Though it has been exactly a month since Malala Yousafzai’s shooting, she is still one of the most commemorated individuals in the media; whether on the radio, television, or on the World Wide Web. Although she is well on her path to a wonderful and healthy recovery, there have been countless tributes done in her name; from great ones, such as meaningful poems, songs, and cartoons/drawings (I also attempted to draw her portrait; it can be viewed here) to not-so-great ones, if at all, like Madonna’s rather irreverent and cretinous striptease that makes us all shake our heads in disapproval, while questioning her state of mind.
Nevertheless, the United Nations decision to dub November 10th as Malala Day is, in my opinion, the best tribute of all. It is a day that the whole world will, from now onwards, celebrate in commemoration of this beautiful brave child who, through her bravery and will power, has given voice to so many that have suffered silently for far too long. She is now seen as more than simply an internationally recognized icon, for she has now finally wrested unprecedented support all across the globe, both for the rights and freedom of girls’/women’s education in Khyber-Pakhtunkhwa.
I’m sometimes asked by fellow colleagues, as well as individuals outside my social realm, about Malala and what is so special about her, for she is only a child, like any other, shot by the Taliban; except in her case, she survived, while countless others have died and are hence forgotten. I reminded them that even though Malala was indeed like any other child from the terror-stricken region of Swat, her uniqueness stems from the fact that she was the only one who decided to take a vocal stand against social injustice, and bring awareness to an issue that has simply been swept under the carpet, hence pushing women and girls alike deeper and deeper into oppressive absolutism. This, as a result, earned her paragon recognition, going as far as giving her consideration for the Nobel Peace Prize in honour of becoming a symbol of peace; a symbol of courage; and a symbol of resistance against the Taliban.
Additionally, where the world once associated Pashtuns with the Taliban, it is now Malala who will replace that despicably negative stereotype. And it is Malala’s legacy that will continue to promote Pashtuns in a more positive light. She will soon become the face of a new type of revolution, leaving behind violence and ignorance and promoting peace and literacy.
At times, I can’t help but wonder whether Malala’s shooting was a blessing in disguise – a blessing that not only gave her a second chance at life, but it also allowed people, all across the world, the opportunity to understand and realize just how dire and troublesome the situation pertaining to the sanctions on female education, in most parts of Khyber-Pakhtunkhwa and its surrounding regions, has become. Hence, the incident touched a climax of popularity, and not only for the reason that the Taliban had attacked a girl – for we all know that girls like Malala are attacked and killed on a daily basis, except that we never hear about them in the media. Rather, the intense popularity called for the apothegmatic reason to finally raise a voice for the voiceless, and hence condemn the destruction of girls’ schools in Swat (as well as the surrounding areas).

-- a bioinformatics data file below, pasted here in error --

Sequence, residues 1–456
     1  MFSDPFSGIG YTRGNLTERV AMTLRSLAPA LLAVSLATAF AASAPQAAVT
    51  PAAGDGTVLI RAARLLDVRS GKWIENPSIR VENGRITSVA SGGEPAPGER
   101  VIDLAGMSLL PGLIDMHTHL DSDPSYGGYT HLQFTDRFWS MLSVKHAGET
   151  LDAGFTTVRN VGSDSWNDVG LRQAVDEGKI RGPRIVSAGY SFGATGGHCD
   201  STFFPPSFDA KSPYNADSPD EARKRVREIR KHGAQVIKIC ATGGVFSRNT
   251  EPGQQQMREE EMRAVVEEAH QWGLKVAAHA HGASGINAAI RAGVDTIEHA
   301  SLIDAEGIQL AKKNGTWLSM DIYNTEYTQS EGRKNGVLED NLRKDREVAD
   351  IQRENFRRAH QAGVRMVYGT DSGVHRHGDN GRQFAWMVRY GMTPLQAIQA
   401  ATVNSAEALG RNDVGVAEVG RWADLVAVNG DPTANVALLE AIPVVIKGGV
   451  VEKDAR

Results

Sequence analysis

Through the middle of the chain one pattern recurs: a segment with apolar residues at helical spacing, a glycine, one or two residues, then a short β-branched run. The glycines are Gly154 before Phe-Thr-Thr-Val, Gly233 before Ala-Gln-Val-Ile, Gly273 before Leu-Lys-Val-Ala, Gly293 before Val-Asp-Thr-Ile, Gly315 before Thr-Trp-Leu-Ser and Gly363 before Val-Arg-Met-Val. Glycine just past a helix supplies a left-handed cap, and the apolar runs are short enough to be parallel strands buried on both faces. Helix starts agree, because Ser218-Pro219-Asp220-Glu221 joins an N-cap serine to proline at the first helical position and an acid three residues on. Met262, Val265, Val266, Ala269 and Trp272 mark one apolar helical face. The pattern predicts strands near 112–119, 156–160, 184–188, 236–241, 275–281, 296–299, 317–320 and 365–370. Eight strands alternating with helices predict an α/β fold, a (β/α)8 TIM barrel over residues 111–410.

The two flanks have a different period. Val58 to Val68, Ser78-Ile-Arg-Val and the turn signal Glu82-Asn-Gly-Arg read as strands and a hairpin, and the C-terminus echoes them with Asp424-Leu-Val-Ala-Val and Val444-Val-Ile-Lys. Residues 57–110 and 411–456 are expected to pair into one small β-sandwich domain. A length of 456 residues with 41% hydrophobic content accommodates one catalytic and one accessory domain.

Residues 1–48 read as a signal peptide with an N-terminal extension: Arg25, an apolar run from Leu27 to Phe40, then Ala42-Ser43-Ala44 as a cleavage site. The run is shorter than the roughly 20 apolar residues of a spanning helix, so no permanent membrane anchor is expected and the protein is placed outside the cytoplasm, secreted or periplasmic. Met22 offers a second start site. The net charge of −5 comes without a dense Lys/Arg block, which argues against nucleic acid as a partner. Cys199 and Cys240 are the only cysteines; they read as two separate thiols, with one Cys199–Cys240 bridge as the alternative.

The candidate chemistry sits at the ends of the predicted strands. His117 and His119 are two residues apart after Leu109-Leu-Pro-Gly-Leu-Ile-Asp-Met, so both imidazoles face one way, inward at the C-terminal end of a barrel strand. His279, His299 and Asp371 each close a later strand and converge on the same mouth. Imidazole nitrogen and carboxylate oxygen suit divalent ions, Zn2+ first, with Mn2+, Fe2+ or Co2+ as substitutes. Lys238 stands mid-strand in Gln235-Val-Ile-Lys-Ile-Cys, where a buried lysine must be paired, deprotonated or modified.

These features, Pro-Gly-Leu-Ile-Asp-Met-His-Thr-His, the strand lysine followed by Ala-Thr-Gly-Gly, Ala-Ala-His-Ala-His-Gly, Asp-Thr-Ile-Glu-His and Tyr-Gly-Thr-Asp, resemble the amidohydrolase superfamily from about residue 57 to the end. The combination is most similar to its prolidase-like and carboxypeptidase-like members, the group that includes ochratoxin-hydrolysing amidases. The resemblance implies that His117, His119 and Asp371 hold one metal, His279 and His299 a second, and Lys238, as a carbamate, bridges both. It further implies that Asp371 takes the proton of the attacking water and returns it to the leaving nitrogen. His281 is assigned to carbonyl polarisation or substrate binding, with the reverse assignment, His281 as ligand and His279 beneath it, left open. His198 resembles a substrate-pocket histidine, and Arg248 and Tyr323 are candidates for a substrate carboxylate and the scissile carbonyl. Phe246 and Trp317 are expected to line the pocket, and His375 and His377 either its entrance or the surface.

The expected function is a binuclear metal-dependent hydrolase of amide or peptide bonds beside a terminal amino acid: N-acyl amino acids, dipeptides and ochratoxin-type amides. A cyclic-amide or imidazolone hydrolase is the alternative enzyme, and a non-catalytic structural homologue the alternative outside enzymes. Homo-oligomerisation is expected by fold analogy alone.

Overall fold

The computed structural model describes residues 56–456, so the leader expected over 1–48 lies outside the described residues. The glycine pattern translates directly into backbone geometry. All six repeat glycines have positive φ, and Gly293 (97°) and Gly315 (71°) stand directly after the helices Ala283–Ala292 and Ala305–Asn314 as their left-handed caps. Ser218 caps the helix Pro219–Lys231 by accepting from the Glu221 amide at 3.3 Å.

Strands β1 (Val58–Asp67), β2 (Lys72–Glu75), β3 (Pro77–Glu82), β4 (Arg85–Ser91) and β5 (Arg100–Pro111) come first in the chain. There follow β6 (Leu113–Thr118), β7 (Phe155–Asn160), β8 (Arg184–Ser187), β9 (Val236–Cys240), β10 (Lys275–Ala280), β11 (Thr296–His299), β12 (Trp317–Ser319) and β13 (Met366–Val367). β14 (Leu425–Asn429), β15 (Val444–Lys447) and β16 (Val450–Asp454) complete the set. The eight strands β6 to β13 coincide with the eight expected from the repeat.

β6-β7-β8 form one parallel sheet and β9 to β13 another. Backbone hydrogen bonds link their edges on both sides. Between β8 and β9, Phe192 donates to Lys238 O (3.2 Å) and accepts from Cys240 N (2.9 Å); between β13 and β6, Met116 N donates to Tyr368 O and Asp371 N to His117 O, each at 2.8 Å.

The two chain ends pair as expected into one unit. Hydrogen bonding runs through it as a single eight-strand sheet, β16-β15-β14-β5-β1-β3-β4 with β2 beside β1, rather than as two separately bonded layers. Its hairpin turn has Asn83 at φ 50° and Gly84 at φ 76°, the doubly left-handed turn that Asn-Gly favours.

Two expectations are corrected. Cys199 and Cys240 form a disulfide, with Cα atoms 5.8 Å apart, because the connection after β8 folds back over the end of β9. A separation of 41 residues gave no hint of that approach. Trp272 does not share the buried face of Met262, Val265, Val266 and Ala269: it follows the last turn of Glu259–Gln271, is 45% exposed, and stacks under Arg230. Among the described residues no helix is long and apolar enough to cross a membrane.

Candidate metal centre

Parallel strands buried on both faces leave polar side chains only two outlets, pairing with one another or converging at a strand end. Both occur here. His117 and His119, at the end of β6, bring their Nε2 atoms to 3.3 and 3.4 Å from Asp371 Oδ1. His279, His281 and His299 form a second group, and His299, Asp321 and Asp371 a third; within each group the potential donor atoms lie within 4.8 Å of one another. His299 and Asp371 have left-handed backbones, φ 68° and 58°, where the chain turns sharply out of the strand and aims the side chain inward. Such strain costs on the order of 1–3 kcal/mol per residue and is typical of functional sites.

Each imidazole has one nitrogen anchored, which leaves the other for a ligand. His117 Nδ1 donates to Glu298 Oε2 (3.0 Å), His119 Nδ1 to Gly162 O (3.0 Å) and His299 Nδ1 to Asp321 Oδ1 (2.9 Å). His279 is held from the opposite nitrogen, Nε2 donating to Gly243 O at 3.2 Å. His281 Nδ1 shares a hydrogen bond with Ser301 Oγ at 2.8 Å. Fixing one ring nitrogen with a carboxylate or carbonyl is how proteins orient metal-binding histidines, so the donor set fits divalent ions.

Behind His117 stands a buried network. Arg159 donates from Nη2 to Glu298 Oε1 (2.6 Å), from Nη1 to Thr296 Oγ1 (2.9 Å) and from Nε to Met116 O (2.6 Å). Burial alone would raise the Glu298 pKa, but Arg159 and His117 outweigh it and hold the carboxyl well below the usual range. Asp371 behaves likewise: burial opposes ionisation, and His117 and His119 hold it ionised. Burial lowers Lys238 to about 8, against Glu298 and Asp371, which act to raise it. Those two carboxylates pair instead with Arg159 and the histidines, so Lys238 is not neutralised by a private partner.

Further, Malala’s popularity in the media led to the influx of messages on social media websites, such as Facebook and Twitter, followed by numerous petitions calling and urging for the support of female education. The one petition in particular, which was conducted by the United Nations Special Envoy for Global Education, Gordon Brown — the former British prime minister — carried two million (yes, you read that right!) signatures that was handed over to President Asif Ali Zardari this past Friday. And, in the petition, the former prime minister had urged the government of Pakistan to ensure that every child, both male and female, get access to education, and even asked international organizations and NGOs to ensure enrolment of 61 million children, who have been deprived of education, by the year 2015. This, albeit in my view is a rather ambitious goal, I can’t wait to see come to fruition in the very near future. President Asif Ali Zardari, himself, deeply appreciates the courageous Malala, for on Malala Day, he shared the following quote:
Malala stands tall today as a symbol of defiance against those who wish to impose their obscurantist agenda in the name of religion. Malala Day is being observed all over the world to show solidarity with the brave daughter of Pakistan, Malala Yousufzai, who stood defiantly to the militants to pursue her education and refused to bow to their threats and faced the bullets instead of giving up her mission.
It’s indeed heart-warming to know that despite the fact that Pakistan is facing acute terrorism, the observance of Malala Day and the world’s solidarity with Pakistan is a very encouraging sign to vitalize the resolve for the promotion of female education. The world has finally awoken to this cognizance – this importance among Pashtuns. And we have no one but Malala to thank for this.
So, thank you, dear Malala – thank you for standing up for what you strongly believe in. Thank you for giving voice to the voiceless. Thank you for risking your life, only to live and prove to the world that women who stand up for themselves, and their rights, are truly invincible; for not even bullets stand a chance! Thank you for being you, as we all rejoice today and celebrate you; celebrate every single girl; every single female, who inspires to follow in your footsteps and bring change. And for that, I salute you!
Happy Malala Day, everyone!